The problem with many of our approaches is that we act like the Canaanites were under the covenant when they were not. God was indeed calling the Israelites to right behavior, but he was not calling the Canaanites to. There was no conversion effort going on. Of course, had the Israelites managed to convince all the Canaanites to join YHWH, there would be no need of the conquest per se, but that is not what was going on. Israel welcomed people who wanted to convert, but they did not aim for that.

One area that there would be agreement on is that the term for utterly destroy does not mean in a literalistic sense. Instead, it often refers to an object set aside for a specific usage. This also gets into the concept of holiness. Holiness was not something that people earned. It was something that was conferred on to the people and it could be given to inanimate objects as well.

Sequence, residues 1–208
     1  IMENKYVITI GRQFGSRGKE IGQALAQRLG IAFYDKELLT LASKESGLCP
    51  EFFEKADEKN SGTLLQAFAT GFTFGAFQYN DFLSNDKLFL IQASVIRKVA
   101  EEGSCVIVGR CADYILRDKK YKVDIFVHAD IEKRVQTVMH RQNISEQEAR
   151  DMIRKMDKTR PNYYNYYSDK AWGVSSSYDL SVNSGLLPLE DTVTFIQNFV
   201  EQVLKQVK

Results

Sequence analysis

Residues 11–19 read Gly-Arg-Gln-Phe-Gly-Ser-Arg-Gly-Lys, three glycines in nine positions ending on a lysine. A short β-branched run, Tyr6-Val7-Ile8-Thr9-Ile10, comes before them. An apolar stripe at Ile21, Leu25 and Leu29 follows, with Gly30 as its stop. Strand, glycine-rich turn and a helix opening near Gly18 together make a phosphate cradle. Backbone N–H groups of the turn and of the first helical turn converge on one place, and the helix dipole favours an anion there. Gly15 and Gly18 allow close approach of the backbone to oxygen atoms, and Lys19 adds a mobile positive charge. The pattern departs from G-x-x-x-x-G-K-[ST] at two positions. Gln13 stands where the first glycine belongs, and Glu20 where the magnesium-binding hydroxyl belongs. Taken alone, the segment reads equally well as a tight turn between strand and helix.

Also, there is relevance for us today with this. No. It doesn’t mean we go grab a sword and kill our unbelieving neighbor. Instead, it shows us how we are to really put something to death, our sinful natures. We are to be holy to the Lord and cut off all that keeps us from being holy. We are to be what God has set apart for His use. We are to identify with the new community.

I’m really still chewing on a lot of what the Waltons say, but it is a great read and one that really does leave you questioning. I would find the Waltons anticipated my questions many many times. Though some will no doubt disagree with what is found here, all wishing to speak on the conquest period should interact with it.

In Christ,
Nick Peters

Deeper Waters Podcast 3/7/2015: John Walton

What’s coming up on the Deeper Waters Podcast this Saturday? Let’s plunge into the Deeper Waters and find out.